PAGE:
A Friendly Dog—Is It Safe?
DOGS have far outstripped humans in rate of increase. From just the 1930’s to 1960’s their numbers in the United States multiplied to four times what they were, whereas the human population did not even double.
New York city has a half million dogs; yet that is far behind London’s 700,000 and Mexico City’s one million. While a few are vicious—about 25,000 dog bites were reported in New York city in 1969—the great majority are friendly. Does that mean all friendly dogs are safe?
From the way some persons treat them, it would seem they think so. They do not hesitate to pet practically every friendly dog they see, or even allow it to lick their hands or face. Is this a wise practice?
Not All Dogs Safe
Dogs sometimes come in contact with poison ivy, getting the plant’s irritating oils in their hair. Have you ever petted such a dog and later broken out with poison ivy? Cases of this affliction have been traced to a friendly dog. Also, some persons with allergies have found that a dog will cause them discomfort. When the dog is removed, they realize relief.
Dogs can also get ringworm, and may spread the fungi causing this skin disease to humans by contact. As The Complete Dog Book, an official publication of the American Kennel Club, notes: “Children who associate with affected dogs frequently become infected.” So dogs, even though they may be friendly, can be carriers of this highly contagious, although not serious, disease.
Rabies, on the other hand, is the most dreaded of diseases. It is usually transmitted to humans by a dog bite, although the bite of other animals can also infect one. In the early stages a rabid dog may appear even more friendly than usual. But the dog may easily become irritated and, if picked up, may bite and transmit a disease almost certainly fatal.
Then there are dogs that may be friendly but that have fleas that are not. These fleas will attack humans too, and they can carry disease. Thus, Dr. Deane P. Furman, an expert on parasitology, urges regarding fleas: “Every householder should get rid of these pests as quickly as possible.”
Clearly, not all dogs are safe. Discussing bacterial and fungus infections to which they are subject, The New Dog Encyclopedia (1970) said: “Many of these diseases are of public health importance since they affect other animals and man. One must be especially careful with infected animals around children, the aged, or persons who through other illness are in a state of lowered resistance.”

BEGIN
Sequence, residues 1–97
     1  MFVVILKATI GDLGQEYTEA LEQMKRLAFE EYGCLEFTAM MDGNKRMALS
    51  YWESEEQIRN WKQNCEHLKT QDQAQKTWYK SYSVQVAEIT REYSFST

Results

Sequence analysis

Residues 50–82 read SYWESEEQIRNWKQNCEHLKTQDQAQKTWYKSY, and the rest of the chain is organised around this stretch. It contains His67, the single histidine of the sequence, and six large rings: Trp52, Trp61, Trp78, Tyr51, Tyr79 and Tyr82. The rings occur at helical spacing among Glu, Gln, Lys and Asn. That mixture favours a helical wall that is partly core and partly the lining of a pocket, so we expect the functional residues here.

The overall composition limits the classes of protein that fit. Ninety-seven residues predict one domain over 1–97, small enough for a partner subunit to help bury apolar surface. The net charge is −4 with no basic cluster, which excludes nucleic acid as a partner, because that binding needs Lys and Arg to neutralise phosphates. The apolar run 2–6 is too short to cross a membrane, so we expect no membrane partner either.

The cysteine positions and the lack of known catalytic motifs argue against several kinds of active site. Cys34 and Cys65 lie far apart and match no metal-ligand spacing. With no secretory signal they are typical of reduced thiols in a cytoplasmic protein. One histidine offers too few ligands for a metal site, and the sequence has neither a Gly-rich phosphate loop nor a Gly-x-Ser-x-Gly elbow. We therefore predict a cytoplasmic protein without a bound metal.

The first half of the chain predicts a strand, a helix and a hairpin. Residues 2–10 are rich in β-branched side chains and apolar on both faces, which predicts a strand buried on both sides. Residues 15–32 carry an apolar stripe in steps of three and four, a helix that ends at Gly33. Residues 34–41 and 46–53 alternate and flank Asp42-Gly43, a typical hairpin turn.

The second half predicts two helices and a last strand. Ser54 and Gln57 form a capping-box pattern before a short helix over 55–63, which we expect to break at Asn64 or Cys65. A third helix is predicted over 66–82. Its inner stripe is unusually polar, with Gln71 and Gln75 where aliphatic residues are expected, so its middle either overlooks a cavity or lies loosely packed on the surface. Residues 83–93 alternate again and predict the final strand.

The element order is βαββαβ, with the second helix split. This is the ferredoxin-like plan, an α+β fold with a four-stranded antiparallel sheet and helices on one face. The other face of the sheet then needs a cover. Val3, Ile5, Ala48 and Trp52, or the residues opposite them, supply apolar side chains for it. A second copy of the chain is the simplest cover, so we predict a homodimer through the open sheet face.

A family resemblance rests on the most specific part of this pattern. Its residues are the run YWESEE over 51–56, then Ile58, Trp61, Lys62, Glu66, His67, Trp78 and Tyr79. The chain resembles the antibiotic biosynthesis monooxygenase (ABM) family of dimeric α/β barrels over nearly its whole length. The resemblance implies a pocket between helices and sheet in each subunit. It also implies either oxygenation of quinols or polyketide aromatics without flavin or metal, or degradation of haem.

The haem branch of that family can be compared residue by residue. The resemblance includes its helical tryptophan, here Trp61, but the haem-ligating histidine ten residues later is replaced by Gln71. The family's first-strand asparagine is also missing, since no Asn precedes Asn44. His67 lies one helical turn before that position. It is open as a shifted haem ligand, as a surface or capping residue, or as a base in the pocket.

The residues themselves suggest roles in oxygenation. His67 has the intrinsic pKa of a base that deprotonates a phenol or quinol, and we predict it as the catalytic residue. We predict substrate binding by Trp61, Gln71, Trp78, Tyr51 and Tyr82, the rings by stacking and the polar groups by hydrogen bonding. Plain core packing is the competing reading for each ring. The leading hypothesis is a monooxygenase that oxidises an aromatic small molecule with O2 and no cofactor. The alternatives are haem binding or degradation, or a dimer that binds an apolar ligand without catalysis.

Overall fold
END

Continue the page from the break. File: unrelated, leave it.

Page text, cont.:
Dog Wastes—a Source of Disease?
As the number of dogs increases, so do their wastes. A large dog will eliminate a pound and a quarter of feces a day, but the average for all dogs is about three-quarters of a pound. That amounts to over 60,000 tons of solid wastes a year from just New York city dogs, and that does not include millions of gallons of urine! Can these wastes cause disease?
Yes, they can. For example, they can spread leptospirosis, which in humans is usually called Weil’s disease or rat fever. It is estimated that 50 percent of all dogs in the world have been stricken with leptospirosis at one time or another. Humans can become infected by contact with dog excretions, especially urine. Commenting on the disease, Preventive Medicine and Public Health, edited by Philip E. Sartwell, observes:
“Leptospirosis is world-wide in distribution. As clinical awareness has increased and as laboratory diagnostic methods have been more commonly employed, it has become evident that human leptospirosis is much more common than was formerly thought. Because of the diversity of clinical manifestations in the milder forms of the disease without jaundice, it will escape detection unless sought with laboratory aid. Clinical findings may be limited to abrupt onset of fever with chills, headache, vomiting and pains in the extremities, joints, and muscles. Recovery occurs within a week to ten days.”
In some places dogs also become infected with tapeworms belonging to the genus Echinococcus. The eggs of these worms are expelled in dog feces. Persons who pet contaminated dogs, or are licked by them, can get these microscopic eggs on their hands, and if they are ingested they can cause hydatid disease, or hydatidosis. Cattle and swine are ravaged by this disease in Uruguay, and some 500 human cases of hydatidosis are diagnosed there a year, and about fifty persons die.